"It wasn't this bad during the war" - the struggles of increasing numbers of people in Leeds having to choose between food or gas and electricity

Up to a hundred people a day are queuing outside an inner city community cafe because they are facing a choice between paying for gas and electric or food for their families.

Wednesday, 28th October 2020, 6:00 am

The Rainbow Junktion Cafe at All Hallow's Church in Burley has been open for 20 years as a community cafe and more recently as a pay as you feel enterprise to tackle social inequality and inclusion, but, due to lockdown and social distance regulations cannot operate as usual and is now providing food parcels to desperate people in desperate times.

From homeless people to families with full time jobs that still can't make ends meet, three times a week, between 50 and 100 people, now have to stand in all weathers hopeful they can find food to see them through the week.

Rev Heston Groenewald told the Yorkshire Evening Post it was an unimaginable situation that people had to queue for food in 21st century Britain.

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Rev Heston Groenewald at All Hallow's Church and the Rainbow Junktion cafe in Burley.

And he says, after the initial increase in people at the start of lockdown that needed the help of the church and cafe, there was a plateau but the demand is on the increase again.

"Since we started with the Real Junk Food project using waste food, it is about food poverty and reducing the stigma attached to it. We encouraged people, rich and poor, to eat together. Since lockdown it is very much harder, we can't invite anybody in the building and cafe customers have to stand in a queue and wait for food. It is very much harder offering dignity as well as food, it is visible charity now."

The team of volunteers and cafe manager Emily Carrigan are going the extra mile to make people feel at ease by calling them by their first names and even hiring musicians to play in the church yard while they are waiting.

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The cafe also has a 'shop' where people can access other essential items that they need besides food.

Rainbow Junktion has also started to help with gas and electricity vouchers because for some people it is a choice of affording food or light and heating - but not both. One parishioner at the church who is in her 90s said it wasn't even this bad during the war.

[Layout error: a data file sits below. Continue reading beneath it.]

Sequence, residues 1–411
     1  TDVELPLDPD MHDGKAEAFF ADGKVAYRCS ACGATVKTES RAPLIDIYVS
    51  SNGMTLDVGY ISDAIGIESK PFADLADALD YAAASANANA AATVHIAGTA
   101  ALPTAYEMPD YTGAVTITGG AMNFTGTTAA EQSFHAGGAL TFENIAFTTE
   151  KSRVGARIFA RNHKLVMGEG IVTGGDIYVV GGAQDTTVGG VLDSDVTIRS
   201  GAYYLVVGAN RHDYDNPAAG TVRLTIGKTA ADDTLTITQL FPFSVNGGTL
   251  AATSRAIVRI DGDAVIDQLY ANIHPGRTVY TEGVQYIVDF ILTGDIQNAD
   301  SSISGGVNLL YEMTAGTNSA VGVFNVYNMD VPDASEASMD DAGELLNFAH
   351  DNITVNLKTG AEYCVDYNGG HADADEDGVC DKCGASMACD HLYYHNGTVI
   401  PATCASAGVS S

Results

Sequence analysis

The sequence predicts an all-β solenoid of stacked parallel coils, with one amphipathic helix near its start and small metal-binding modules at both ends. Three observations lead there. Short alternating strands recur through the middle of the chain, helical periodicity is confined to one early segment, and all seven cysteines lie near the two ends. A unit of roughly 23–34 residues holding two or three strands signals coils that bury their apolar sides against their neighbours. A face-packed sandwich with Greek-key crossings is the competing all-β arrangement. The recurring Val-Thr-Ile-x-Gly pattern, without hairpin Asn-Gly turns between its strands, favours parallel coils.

Rev Groenewald said: "Yes, it is definitely busier since lockdown. There could be between 50 and 100 people on any given day that we are open and that is three days a week. Initially it was crazy busy, we had a plateau, now it is busy again. One of the things we are noticing a rise in and we are working with the local Co-op to do gas and elecricity vouchers for people that are struggling to pay or heating or light."

While community and grassroots organisations such as Rainbow Junktion and the church, along with many others across the city, are doing what they can to help people especially during half term, he added that it was heart-breaking that it took the intervention of a Premier League footballer to bring the issue to the forefront of national attention.

He has also invited the three Leeds MPs who voted against the extension of school meal vouchers during half term - Stuart Andrews, Andrea Jenkyns and Alec Shelbrooke - to visit the Rainbow Junktion and speak to people about why they are there. So far, they have not taken him up on his offer.

For the last 20 years that the cafe has been open at All Hallow's, its mission has been to welcome and unite the whole community.

Rev Groenewald said: "We are in a football and celebrity obsessed culture and it takes one celebrity to say 'I give this my voice' and other people are happy to get on board. It is heart-breaking and makes your blood boil, but it is lovely that he (Marcus Rashford) has taken this on.

"I would love for those MPs to come and visit and meet people who bear the consequences of policy and decision-making. We have people who have never had to stand in a queue before, people who are in employment, have a job but just can't make ends meet with low wages and tax credit errors - it is not enough to live on.

"For some people it is literally a lifeline for people that are homeless and don't have cooking facilities but it is increasingly for people who have never had to struggle before and are increasingly embarrassed and feel indignity about it."

Can you help?

The Rainbow Junktion, like most foodbanks and similar schemes across Leeds are constantly in need of various items. At the moment they need toothpaste, size 3 and 4 nappies, sensitive babywipes, soap, baby milk, tinned chickpeas, kidney beans, tinned tomatoes, tinned vegetables, UHT milk, coffee, sugar, pot noodles.

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